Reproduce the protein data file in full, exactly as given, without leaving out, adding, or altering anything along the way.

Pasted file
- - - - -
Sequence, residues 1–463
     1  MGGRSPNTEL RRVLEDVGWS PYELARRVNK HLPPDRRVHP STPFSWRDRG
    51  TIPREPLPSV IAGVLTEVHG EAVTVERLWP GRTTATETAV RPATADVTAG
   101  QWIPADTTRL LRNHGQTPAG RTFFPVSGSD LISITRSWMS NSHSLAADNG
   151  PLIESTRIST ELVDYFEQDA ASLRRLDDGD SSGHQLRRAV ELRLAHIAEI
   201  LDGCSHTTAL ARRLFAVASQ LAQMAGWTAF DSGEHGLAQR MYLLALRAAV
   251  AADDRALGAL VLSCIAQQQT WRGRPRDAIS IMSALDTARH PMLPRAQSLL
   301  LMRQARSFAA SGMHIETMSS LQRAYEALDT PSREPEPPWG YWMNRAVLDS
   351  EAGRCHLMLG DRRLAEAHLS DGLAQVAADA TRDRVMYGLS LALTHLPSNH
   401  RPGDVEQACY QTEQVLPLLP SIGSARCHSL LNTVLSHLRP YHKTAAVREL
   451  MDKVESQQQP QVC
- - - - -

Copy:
Sequence, residues 1–463
     1  MGGRSPNTEL RRVLEDVGWS PYELARRVNK HLPPDRRVHP STPFSWRDRG
    51  TIPREPLPSV IAGVLTEVHG EAVTVERLWP GRTTATETAV RPATADVTAG
   101  QWIPADTTRL LRNHGQTPAG RTFFPVSGSD LISITRSWMS NSHSLAADNG
   151  PLIESTRIST ELVDYFEQDA ASLRRLDDGD SSGHQLRRAV ELRLAHIAEI
   201  LDGCSHTTAL ARRLFAVASQ LAQMAGWTAF DSGEHGLAQR MYLLALRAAV
   251  AADDRALGAL VLSCIAQQQT WRGRPRDAIS IMSALDTARH PMLPRAQSLL
   301  LMRQARSFAA SGMHIETMSS LQRAYEALDT PSREPEPPWG YWMNRAVLDS
   351  EAGRCHLMLG DRRLAEAHLS DGLAQVAADA TRDRVMYGLS LALTHLPSNH
   401  RPGDVEQACY QTEQVLPLLP SIGSARCHSL LNTVLSHLRP YHKTAAVREL
   451  MDKVESQQQP QVC